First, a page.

W.C. Fields once said, “Never work with children or animals.” Well, one of the world’s most famous canines is returning to television and it looks like producers will get to avoid working with both real-life kids and dogs.
The character of Lassie the collie first appeared in a 1938 short story, written by Eric Knight. It was later expanded into a novel called Lassie Come-Home. An MGM film based on the book, starring Roddy McDowall and Elizabeth Taylor, hit theaters in 1943. That spawned additional Lassie stories in print, on radio and in movie theaters.
In 1954, the Lassie TV show debuted on CBS. Aside from the famous canine, the family show features the talents of Tommy Rettig, Jan Clayton, George Cleveland, Jon Provost, June Lockhart, Hugh Reilly, Robert Bray, Jack De Mave, Jed Allan, Ron Hayes, Larry Wilcox, Pamelyn Ferdin, Cloris Leachman, and Jon Shepodd. Lassie had a number of human friends during the show’s run but Provost played one of the most memorable, young Timmy Martin.
The Lassie show ran for an impressive 17 years on CBS. It moved to first-run syndication for two more seasons and ended on March 24, 1973 with a total of 588 episodes.
Though that series closed, Lassie didn’t leave the airwaves. An animated series called Lassie’s Rescue Rangers began airing Saturday mornings on ABC in the Fall of 1973. It had no direct relation to its live-action predecessor (other than the title character) and lasted for one short season.
In 1989, The New Lassie series returned the canine heroine to television for two seasons in first-run syndication. This time, Lassie was owned by the McCullough family. They are played by Christopher Stone, Dee Wallace Stone, Wendy Cox, and a young Will Estes (credited as Will Nipper).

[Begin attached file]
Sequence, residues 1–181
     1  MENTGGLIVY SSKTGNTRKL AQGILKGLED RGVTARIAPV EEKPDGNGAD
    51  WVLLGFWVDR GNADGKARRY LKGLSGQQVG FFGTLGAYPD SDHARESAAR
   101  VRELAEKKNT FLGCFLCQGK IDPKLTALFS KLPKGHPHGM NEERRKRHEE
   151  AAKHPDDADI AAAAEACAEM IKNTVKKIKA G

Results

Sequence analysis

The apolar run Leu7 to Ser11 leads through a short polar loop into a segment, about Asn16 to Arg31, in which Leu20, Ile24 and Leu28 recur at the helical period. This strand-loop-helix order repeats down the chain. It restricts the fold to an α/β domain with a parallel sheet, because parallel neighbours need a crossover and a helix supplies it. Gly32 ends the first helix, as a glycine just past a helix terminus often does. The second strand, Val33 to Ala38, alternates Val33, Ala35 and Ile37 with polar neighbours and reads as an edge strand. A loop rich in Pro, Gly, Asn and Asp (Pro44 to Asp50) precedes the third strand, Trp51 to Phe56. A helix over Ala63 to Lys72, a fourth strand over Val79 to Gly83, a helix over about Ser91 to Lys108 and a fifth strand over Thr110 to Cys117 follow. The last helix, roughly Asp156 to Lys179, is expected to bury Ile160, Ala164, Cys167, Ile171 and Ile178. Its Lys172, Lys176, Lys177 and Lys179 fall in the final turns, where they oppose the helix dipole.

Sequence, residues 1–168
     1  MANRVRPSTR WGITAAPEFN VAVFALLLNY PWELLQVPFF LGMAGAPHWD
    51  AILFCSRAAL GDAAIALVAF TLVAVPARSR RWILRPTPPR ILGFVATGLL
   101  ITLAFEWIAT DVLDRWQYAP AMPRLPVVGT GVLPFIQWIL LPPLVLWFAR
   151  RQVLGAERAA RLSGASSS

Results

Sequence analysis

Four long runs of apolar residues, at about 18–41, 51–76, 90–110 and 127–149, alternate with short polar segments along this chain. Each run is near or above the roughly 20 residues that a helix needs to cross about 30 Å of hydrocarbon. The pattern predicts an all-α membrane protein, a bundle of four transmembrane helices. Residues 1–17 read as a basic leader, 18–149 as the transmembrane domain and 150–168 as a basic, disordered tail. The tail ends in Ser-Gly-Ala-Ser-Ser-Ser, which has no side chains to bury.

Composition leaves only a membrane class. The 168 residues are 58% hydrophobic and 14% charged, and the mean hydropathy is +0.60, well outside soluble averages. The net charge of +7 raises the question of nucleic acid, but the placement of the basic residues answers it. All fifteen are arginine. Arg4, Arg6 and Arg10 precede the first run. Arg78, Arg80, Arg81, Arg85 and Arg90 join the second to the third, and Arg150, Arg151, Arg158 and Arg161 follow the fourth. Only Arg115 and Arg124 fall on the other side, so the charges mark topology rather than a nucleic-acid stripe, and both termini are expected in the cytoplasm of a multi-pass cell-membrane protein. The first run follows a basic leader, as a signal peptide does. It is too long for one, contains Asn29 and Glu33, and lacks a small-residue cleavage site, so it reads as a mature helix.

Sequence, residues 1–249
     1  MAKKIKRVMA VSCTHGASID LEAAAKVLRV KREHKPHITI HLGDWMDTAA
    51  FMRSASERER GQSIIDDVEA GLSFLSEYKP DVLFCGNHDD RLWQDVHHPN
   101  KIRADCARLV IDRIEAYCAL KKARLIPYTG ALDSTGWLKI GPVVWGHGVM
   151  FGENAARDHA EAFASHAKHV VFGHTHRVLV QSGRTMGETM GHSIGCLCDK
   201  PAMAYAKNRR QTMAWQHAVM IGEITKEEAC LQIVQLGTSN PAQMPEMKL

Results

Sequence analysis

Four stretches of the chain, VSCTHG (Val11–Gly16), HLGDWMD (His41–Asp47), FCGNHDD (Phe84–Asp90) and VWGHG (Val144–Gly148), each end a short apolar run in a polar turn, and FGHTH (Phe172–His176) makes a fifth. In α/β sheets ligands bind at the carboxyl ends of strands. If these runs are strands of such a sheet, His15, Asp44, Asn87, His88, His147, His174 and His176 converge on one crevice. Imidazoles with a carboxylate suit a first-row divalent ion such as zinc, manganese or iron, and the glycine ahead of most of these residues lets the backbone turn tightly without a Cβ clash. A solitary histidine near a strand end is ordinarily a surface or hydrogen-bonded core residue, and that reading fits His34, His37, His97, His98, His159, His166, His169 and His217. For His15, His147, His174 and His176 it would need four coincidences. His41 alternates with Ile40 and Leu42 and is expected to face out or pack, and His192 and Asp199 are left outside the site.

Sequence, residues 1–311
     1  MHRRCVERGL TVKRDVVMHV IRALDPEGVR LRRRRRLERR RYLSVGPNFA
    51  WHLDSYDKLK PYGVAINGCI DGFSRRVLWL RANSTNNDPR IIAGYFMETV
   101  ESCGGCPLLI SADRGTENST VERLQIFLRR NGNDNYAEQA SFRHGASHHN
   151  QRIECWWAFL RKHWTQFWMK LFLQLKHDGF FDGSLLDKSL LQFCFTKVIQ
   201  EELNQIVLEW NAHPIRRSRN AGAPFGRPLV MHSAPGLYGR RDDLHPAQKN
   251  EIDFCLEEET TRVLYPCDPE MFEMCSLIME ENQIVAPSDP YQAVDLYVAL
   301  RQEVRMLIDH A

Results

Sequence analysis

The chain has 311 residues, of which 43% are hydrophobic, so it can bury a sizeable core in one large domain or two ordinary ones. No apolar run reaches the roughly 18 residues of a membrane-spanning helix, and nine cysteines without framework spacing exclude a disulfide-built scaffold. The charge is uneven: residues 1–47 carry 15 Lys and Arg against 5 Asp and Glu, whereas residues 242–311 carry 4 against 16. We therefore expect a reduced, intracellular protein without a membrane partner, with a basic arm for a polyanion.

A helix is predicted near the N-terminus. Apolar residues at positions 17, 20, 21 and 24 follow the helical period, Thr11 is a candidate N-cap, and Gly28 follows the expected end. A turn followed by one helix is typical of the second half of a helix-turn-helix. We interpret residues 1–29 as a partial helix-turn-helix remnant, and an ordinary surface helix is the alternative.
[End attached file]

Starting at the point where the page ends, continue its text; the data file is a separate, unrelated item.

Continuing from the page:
Provost, who’d played Lassie’s young owner on TV from 1957 to 1964, played Uncle Steve McCullough on the new series. In a strange twist, it was later revealed that Steve was actually the grown-up Timmy and Lockhart reprised her role as Timmy’s mother for one episode. Fellow Lassie veterans Rettig and McDowall also made guest appearances during The New Lassie’s limited run.
In 1996, Lassie returned to television, this time in a Japanese anime series. A Canadian live-action show followed in 1997 and 10 years later, Lassie became the co-host of a reality TV show on PBS for Lassie’s Pet Vet.
Now, Lassie is poised to return to television in a new set of adventures. Partnered with Lassie rights holder Classic Media, DQ Entertainment is set to co-produce a 3D cartoon series. The two companies previously worked together on the CGI project, Casper’s Scare School, based on the classic friendly ghost character. With other partners, India-based DQ has also produced a 3D Iron Man series, Mickey Mouse Clubhouse, and many other animated projects.
The new Lassie animated series is set to begin airing in late 2010 or early 2011 and 26 half-hour installments have been ordered.
It’s unknown what approach this new version will take but Provost, now 59, tells us he thinks it’s a good idea. He says, “Every five years, there’s a new generation of children. The Lassie series has been sold several times in the past few years; and during that time, the image languished. For the first time in 50 years of public appearances, I am meeting children who do not know about Lassie. They lost a generation or two who will be difficult to capture now. With a cartoon, a new generation will grow up with Lassie — just as all us Baby Boomers did.”
Though the medium of this new series will be slightly different for the famous collie, the former child star believes the tone should remain the same. Provost says, “I hope CM will remain loyal and true to the innate goodness of the story. That’s what has carried the legend of Lassie in our hearts for nearly 70 years. I hear from people around the world who tell me they first learned to love and respect animals because of the show. I am very proud of that legacy.”
The author of an autobiography, Provost is currently involved in other cartoon projects — voicing Prancer the reindeer in one and also preparing to direct an animated pilot about a pink poodle — but would be happy to be part of the new Lassie series. Provost says, “CM and I have had a good working relationship in the past. It appears that the new Lassie cartoon won’t be made in the US, but naturally, I would love to participate.”
He concludes, “Lassie came when I called for seven years. I will always return the favor.”
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